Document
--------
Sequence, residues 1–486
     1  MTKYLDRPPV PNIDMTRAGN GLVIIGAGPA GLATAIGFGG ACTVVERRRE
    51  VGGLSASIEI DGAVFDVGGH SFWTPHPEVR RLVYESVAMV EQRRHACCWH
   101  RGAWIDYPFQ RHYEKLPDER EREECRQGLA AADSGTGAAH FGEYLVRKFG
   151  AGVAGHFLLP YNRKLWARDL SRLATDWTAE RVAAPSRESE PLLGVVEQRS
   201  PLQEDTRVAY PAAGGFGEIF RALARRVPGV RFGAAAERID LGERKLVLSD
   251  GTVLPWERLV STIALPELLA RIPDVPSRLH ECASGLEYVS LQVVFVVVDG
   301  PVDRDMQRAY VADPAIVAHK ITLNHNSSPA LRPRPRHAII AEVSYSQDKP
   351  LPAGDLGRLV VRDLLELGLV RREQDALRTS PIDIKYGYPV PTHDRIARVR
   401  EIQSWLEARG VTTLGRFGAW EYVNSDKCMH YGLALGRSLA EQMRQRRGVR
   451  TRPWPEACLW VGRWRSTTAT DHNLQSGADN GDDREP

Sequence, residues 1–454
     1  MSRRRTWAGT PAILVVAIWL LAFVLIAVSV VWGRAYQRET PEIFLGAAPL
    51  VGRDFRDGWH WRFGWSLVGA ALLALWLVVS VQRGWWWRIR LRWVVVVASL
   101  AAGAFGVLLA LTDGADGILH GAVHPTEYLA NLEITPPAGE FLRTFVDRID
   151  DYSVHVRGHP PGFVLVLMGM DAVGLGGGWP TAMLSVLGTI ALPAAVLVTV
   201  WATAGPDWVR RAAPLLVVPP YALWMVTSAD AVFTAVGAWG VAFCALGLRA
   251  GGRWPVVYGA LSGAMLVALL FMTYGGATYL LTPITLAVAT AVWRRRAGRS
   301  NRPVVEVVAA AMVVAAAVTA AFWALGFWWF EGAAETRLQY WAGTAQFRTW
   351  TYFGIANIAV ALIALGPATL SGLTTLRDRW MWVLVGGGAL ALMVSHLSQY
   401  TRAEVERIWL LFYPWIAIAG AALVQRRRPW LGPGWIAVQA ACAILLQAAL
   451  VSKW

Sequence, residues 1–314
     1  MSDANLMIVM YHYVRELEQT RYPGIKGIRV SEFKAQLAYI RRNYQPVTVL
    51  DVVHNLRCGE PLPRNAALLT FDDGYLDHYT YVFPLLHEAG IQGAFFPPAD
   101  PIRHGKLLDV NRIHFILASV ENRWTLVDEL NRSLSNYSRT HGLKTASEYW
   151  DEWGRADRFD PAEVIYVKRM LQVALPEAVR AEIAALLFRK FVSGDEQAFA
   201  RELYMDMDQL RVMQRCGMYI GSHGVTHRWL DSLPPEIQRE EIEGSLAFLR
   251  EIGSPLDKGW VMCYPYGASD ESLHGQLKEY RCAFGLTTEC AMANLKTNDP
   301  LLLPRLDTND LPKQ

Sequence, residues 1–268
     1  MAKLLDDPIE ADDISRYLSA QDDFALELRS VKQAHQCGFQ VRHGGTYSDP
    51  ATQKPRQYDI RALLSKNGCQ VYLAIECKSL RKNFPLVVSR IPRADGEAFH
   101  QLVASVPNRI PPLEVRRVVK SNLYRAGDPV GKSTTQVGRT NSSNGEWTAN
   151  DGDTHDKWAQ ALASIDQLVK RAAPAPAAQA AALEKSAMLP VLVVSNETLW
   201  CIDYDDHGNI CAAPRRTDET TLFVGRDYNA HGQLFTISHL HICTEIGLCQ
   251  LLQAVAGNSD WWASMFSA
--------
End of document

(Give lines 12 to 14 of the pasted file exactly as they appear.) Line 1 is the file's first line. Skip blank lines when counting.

Sequence, residues 1–454
     1  MSRRRTWAGT PAILVVAIWL LAFVLIAVSV VWGRAYQRET PEIFLGAAPL
    51  VGRDFRDGWH WRFGWSLVGA ALLALWLVVS VQRGWWWRIR LRWVVVVASL